Though it didn't break any state meet records, the 3A race between Dominic Carrese and Jake Dunn offered the most stirring finish of the state 800s. Photo by Alan Versaw.
What was different about May 15?
It's a question that's rolled around my mind a lot since May 15. Maybe it's rolled around your mind as well.
This much I'm sure of: I don't have all the answers. But I think I have a few thoughts worth thinking aloud about May, or at least about one hour or so in the early afternoon.
Since I've become sort of famous for the oxygen density discussion, we'll start there. And, we'll start by saying I don't think oxygen density had much of anything to do with what happened on the Jeffco Stadium track from the first 1A 800 to the last 5A 800.
There are a couple of reasons for that, the chief one being, matters of oxygen density have to do with aerobic races, and the 800 simply isn't terribly aerobic--and especially not the way it was being raced on May 15.
Is there some small advantage to racing the 800 at lower altitude? Probably so. Races run at higher and lower altitude (by both collegiate and high school athletes) appear to suggest that. Let's say that conditions of really good oxygen density might make up to a second or so of difference. The data seem to support something like that (and the NCAA altitude conversion factor agrees), but not more than that.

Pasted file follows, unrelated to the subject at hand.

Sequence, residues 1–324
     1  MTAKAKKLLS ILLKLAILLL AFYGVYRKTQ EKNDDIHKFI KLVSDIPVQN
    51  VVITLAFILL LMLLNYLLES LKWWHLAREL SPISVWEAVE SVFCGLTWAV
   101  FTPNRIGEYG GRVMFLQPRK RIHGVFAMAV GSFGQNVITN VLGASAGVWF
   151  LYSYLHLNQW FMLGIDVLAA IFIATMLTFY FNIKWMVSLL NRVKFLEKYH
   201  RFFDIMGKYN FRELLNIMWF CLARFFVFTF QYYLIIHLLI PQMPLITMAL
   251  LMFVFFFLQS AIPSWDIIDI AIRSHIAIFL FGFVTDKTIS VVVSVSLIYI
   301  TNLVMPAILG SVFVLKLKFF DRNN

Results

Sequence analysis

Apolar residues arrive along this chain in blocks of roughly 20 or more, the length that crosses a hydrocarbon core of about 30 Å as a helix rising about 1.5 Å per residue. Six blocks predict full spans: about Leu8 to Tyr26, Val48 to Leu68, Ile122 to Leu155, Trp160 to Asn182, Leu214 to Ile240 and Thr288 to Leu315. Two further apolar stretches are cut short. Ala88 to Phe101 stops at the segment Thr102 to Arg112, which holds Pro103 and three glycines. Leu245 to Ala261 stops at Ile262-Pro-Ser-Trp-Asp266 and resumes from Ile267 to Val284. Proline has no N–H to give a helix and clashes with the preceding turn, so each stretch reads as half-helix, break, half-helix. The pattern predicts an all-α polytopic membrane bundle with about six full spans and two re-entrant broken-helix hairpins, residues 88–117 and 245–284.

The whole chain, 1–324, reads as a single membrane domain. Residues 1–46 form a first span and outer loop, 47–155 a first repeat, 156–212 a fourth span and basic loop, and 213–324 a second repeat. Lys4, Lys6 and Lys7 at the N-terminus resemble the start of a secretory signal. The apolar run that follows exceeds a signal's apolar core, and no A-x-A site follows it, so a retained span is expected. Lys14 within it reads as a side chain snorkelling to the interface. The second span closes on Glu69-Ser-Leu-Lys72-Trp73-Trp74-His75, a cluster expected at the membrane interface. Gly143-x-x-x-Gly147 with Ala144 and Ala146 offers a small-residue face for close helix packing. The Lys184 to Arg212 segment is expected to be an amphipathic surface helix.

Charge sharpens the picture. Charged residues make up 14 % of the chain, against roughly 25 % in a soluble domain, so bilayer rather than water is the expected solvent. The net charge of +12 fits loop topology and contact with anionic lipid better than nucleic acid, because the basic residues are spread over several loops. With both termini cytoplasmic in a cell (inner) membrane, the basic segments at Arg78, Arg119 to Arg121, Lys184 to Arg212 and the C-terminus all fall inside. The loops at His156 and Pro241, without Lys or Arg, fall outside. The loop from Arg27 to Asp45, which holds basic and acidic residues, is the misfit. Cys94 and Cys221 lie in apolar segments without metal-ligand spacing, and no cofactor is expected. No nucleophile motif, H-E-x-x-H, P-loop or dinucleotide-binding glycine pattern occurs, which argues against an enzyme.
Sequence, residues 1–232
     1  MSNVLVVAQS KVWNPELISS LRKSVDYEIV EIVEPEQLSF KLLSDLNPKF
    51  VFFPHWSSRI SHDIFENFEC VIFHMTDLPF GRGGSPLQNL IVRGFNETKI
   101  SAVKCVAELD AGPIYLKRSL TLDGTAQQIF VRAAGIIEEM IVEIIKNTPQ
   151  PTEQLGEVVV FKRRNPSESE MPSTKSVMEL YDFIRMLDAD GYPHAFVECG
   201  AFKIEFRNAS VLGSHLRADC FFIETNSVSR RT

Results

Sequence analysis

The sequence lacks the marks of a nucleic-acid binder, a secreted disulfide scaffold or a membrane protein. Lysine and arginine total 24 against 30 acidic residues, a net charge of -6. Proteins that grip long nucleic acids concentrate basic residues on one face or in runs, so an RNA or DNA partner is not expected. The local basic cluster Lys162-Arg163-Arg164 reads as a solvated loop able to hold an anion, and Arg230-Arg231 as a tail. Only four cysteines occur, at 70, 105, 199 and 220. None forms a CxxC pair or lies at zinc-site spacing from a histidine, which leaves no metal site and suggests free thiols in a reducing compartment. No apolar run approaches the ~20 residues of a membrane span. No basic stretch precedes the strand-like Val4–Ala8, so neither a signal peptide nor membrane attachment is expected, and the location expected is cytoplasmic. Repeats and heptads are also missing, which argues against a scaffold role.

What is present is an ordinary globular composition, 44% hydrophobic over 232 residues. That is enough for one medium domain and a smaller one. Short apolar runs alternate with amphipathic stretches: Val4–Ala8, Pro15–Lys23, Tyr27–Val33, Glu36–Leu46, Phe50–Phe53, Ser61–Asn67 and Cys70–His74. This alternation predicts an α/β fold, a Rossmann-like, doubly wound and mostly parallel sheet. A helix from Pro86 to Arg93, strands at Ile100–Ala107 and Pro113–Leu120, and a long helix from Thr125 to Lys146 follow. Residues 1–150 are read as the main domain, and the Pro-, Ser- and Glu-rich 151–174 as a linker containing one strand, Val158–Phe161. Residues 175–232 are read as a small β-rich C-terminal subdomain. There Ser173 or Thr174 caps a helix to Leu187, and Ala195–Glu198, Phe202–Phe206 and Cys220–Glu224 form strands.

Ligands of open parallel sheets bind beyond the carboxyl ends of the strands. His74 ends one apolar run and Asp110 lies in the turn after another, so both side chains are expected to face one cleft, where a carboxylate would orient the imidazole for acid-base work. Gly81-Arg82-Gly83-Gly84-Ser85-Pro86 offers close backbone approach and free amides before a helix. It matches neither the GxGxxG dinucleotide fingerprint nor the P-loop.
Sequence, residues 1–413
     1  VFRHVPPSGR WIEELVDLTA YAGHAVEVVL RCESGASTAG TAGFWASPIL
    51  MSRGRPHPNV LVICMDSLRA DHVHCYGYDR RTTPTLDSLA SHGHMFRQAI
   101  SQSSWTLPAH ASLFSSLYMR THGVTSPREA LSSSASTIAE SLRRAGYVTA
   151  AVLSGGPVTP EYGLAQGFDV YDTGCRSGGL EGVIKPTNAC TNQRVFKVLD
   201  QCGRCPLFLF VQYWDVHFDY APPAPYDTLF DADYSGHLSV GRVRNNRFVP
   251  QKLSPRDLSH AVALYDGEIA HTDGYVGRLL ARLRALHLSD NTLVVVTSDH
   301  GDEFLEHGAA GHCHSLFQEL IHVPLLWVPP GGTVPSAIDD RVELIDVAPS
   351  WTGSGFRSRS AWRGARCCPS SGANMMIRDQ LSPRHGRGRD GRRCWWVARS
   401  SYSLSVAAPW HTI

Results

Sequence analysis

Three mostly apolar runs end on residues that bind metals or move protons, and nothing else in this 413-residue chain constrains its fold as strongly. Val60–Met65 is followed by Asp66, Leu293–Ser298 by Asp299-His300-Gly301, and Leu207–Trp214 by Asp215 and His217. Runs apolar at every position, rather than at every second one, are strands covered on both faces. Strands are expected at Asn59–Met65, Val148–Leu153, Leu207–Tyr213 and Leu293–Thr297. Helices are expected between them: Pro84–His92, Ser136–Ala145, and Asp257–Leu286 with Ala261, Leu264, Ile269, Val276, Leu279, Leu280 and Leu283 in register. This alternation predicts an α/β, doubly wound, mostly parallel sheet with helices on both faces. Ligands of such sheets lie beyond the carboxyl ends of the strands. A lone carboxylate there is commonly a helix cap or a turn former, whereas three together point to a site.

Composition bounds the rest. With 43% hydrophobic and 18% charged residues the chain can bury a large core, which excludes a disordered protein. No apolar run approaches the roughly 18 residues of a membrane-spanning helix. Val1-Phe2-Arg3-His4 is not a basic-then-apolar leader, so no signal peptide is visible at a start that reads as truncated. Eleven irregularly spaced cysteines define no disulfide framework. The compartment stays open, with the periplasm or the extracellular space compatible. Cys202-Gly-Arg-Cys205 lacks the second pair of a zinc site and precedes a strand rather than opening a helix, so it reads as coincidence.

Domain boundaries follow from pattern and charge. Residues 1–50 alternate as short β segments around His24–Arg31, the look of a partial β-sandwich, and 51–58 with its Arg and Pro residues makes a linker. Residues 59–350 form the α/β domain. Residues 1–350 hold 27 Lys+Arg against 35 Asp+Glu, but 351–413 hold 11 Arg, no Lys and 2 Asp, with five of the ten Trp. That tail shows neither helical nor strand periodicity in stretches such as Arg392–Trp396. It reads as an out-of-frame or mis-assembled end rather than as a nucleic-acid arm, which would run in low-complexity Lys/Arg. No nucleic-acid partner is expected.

All of that might be relevant in a small sort of way if we had conditions of great oxygen density of May 15. But, we didn't. In fact, barometric pressure was really rather low during the hour the 800s were being raced at state.
In fact, if anything, the barometric pressure was so low during that hour that it makes much more sense to hypothesize that the reduced amount of air the athletes had to push their way through was the advantage than to claim that better-than-average levels of oxygen for Colorado were available to the runners.
All that to say, I don't think oxygen density had anything at all to do with the outcomes.
Which is not the same as saying the weather had nothing to do with the outcomes. There probably is something to be said for reasonably warm (for May) conditions with fairly low winds and mostly obscured sunlight. The conditions that might drain an athlete who wasn't consciously taking care of him/herself before the race simply weren't there. Conditions that would impede an athlete's effort while on the track simply weren't there.
But, honestly, that's more the absence of a negative condition than something that would help an athlete run better. The weather was cooperating, but it wasn't providing an adrenaline rush all of its own.
So, what other conditions might have been in play?
The power of suggestion, perhaps?
The 1A 800s started the session. And, Ginger Hutton led off with a 2:12 800. Folks, there's no other way to look at that except that it's fast. Erick Enriquez-Acosta followed up with another 1A record-smashing effort of 1:57.